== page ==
Summer Puzzles: Regrouping on your Toughest Speech Students

Figuring out speech puzzles

Summer is a great time to work on puzzles. Speech client puzzles.

It rained for days this spring. Weeks even. Not a drizzle, straight up (down?) rain.  Puddles, worms and cold damp clothing rain. And while we are grateful for the water that fills the reservoirs and lakes (and will surely disappear quickly during our very hot summers), it made my days extremely hectic.

I have a fabulous speech room at school in an adorable house (we call it the cottage) just a short walk from the main school building. Usually it’s a great place for my older students to kinda get away for a bit since it has a looser, casual feel.  And my youngest ones use the playground out front so I can do quick and easy pick-up/drop-offs there if I my schedule works out right.

But when it non-stop rains, I haul folders, materials, the iPad, games, anything else I might need into the school and make do with any open space. It leaves me a lot less time to, well, breathe during the day.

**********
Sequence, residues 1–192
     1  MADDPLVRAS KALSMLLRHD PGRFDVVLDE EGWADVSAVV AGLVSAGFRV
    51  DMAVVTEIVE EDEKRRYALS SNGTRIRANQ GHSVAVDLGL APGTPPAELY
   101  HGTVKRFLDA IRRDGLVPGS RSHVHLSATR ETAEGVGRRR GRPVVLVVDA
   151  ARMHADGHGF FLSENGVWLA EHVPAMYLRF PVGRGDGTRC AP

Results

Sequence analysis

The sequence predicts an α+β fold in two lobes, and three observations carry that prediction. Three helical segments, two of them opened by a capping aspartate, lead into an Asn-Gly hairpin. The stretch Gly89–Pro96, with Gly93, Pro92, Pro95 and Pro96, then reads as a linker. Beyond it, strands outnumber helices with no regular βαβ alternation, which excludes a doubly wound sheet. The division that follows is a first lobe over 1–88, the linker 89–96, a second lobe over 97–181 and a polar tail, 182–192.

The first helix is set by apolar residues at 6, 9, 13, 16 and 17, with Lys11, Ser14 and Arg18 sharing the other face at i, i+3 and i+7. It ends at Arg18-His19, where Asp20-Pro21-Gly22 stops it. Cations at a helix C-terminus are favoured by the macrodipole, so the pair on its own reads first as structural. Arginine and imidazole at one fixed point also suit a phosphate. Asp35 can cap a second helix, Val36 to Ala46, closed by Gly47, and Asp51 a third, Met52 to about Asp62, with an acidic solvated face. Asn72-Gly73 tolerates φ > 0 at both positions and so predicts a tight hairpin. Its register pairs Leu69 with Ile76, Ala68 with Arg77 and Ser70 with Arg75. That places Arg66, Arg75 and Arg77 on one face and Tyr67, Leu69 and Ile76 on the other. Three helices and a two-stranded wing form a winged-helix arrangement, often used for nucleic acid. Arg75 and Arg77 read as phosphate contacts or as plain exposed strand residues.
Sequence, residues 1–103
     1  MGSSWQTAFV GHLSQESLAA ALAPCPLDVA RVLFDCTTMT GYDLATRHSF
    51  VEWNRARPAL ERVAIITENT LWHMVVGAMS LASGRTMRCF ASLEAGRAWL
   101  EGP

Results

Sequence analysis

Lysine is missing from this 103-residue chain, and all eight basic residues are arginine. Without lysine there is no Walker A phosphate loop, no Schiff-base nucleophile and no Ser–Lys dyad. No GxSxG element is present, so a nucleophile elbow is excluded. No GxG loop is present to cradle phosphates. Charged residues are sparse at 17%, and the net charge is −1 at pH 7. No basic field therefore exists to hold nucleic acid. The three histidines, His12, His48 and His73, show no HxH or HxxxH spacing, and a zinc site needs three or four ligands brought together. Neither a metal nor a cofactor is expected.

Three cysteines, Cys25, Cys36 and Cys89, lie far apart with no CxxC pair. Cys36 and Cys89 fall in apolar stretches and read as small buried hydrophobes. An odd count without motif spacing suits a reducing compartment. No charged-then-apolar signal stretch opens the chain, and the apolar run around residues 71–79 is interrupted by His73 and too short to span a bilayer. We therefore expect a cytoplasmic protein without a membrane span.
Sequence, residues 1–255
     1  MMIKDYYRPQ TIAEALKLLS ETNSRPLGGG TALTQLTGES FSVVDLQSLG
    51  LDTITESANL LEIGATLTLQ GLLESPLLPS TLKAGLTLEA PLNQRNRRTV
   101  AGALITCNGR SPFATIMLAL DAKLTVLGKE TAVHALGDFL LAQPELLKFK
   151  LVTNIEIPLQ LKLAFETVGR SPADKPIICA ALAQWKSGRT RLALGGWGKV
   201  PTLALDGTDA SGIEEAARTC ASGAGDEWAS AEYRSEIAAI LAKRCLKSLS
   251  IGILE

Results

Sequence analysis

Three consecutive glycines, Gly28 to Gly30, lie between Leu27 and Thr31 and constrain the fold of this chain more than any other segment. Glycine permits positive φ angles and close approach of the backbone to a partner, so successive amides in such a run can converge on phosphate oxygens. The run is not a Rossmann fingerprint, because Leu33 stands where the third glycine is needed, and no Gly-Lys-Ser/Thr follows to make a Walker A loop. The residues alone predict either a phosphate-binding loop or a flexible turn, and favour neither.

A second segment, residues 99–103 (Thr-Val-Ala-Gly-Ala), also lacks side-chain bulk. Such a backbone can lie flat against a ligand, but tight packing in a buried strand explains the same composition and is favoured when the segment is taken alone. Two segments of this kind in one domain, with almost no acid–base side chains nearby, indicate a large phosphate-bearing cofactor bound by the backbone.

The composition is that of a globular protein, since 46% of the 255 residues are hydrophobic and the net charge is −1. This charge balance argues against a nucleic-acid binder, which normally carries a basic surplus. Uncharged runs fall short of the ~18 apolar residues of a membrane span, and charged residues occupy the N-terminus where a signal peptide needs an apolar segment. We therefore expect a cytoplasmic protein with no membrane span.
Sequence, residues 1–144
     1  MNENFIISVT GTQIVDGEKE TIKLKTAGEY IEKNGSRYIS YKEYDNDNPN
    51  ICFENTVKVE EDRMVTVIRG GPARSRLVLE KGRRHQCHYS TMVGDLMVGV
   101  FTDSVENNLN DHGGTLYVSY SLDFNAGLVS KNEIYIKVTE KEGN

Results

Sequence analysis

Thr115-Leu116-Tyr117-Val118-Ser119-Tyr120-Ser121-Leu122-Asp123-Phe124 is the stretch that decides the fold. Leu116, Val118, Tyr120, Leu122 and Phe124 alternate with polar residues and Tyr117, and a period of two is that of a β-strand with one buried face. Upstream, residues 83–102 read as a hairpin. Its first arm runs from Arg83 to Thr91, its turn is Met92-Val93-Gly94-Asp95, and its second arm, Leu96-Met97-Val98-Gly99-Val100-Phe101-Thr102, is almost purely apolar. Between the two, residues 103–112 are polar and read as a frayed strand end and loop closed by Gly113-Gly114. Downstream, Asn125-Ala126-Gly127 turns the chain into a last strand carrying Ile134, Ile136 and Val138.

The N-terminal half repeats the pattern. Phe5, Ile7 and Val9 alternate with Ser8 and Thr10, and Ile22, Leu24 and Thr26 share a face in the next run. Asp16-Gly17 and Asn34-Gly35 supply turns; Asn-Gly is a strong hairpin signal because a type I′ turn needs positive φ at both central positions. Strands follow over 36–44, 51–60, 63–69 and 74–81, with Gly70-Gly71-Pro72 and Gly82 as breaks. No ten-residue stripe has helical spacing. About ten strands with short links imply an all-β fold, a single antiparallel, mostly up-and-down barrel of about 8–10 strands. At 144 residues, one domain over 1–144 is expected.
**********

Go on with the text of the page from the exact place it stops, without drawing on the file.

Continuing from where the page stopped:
Let’s be honest, rain or not, school days can be nuts in general. Just trying to keep up with a steady onslaught of kiddos and paperwork can make you feel like a duck frantically paddling just beneath the surface.

Which is why summer is a much better time to reflect on the kiddos that have you fairly stumped, and see if you can’t come up with some new ideas, or at least a new plan, for how to tackle the issues come fall.

I’ll be reading through a couple Social Thinking resources I purchased, but only skimmed this school year (I’m hoping a course might be in the cards for me at some point….) and I’m sooooo excited that the online course I couldn’t squeeze in this April is available again this August. It’s “Improving Intelligibility in Children with Speech Sound Disorders” and has a combo of pre-recorded sessions to watch on demand and scheduled live Q&A sessions with the speakers.

What area has you feeling on shaky ground? Is there a particular case that has you completely flummoxed? Let me know! I’ll see if I can get all of us some answers! (Please do not share identifiable information about specific clients. Email me directly if you’re not sure, [email protected])



The views expressed in this blog are my own and are intended to inspire other speech-language pathologists in their own practice. If you are a parent, teacher or other educator, these ideas are not intended to take the place of treatment by a certified clinician. Read full disclaimer here.